Ahab, American

McWilliams, Susan
March 2012
Review of Politics;Mar2012, Vol. 74 Issue 2, p233
Academic Journal
Literary Criticism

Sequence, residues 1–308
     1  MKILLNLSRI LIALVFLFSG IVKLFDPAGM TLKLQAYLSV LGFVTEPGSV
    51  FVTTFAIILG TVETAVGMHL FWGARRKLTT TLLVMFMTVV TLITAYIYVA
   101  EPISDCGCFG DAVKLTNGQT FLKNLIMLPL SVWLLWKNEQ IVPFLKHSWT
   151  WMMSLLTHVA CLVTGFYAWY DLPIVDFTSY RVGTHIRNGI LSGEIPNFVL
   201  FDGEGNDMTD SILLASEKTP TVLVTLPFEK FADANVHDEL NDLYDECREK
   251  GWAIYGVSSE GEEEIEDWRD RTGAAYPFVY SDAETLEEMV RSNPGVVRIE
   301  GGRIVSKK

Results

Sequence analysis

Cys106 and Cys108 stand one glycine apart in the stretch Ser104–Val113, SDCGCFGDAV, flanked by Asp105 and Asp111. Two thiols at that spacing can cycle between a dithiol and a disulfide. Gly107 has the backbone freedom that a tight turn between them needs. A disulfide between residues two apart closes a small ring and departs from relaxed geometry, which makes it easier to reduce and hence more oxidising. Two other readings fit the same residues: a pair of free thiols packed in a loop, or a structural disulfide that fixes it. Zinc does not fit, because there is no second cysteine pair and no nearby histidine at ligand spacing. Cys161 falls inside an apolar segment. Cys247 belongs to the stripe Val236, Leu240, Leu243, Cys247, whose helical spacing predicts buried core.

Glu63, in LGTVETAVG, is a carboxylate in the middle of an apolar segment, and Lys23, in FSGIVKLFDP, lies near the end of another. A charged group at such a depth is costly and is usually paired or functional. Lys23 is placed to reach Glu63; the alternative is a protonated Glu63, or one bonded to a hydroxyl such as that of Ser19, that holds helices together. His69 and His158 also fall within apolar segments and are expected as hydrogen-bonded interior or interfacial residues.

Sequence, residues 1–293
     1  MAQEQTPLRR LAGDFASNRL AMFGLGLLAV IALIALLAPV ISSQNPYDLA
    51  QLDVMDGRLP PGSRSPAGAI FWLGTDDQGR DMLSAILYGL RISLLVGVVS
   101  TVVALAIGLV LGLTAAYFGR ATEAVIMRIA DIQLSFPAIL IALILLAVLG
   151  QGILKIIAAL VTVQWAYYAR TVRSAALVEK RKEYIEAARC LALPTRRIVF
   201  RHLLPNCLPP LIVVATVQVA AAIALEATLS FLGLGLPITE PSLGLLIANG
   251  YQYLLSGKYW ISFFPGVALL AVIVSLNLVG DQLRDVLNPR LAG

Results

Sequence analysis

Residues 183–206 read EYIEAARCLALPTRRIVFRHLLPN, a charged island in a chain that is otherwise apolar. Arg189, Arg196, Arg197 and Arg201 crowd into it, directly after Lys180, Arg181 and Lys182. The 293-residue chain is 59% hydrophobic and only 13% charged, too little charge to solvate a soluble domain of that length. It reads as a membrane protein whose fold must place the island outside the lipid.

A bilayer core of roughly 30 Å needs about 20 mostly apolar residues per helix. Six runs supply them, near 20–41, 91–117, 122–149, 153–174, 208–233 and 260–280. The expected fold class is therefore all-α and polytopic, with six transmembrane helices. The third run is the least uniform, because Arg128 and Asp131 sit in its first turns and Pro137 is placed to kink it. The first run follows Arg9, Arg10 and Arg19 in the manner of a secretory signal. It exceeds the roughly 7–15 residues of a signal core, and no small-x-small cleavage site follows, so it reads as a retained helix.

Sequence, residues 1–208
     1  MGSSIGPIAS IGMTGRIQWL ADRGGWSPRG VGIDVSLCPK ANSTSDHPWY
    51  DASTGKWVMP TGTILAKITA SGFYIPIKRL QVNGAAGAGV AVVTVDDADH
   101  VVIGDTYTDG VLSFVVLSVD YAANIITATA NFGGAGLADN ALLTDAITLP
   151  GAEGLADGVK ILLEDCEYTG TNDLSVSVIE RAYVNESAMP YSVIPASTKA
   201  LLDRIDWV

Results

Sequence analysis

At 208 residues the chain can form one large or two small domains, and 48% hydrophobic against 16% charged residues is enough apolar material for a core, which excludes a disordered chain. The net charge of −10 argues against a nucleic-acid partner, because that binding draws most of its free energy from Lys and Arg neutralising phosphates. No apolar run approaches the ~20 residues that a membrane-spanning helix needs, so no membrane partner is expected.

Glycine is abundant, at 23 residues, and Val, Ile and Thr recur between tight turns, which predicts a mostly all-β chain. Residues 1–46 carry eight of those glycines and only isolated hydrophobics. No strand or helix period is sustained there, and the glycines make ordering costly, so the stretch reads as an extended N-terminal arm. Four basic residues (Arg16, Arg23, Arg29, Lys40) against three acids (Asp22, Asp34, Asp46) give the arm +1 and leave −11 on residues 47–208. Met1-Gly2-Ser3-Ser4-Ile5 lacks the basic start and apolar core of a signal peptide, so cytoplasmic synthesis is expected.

Despite common portrayals of Ahab as beyond the pale of common humanity, Melville offers much reason in Moby-Dick to regard Ahab as a reflection of ordinary American political life. Two of Ahab's most definitive characteristics—his isolation and his desire for domination—do not differentiate him from the other characters in the book but rather underscore how much he is like them. Among the Pequod's crew in particular, those traits are the rule rather than the exception, a fact that helps to explain why the crew members are so quick to adopt Ahab's way of thinking: in large measure, it is already their own. Along these lines, looking at Ahab as a representative American man makes it possible to better understand Melville's true anxieties about the prospects for democratic flourishing in the United States.


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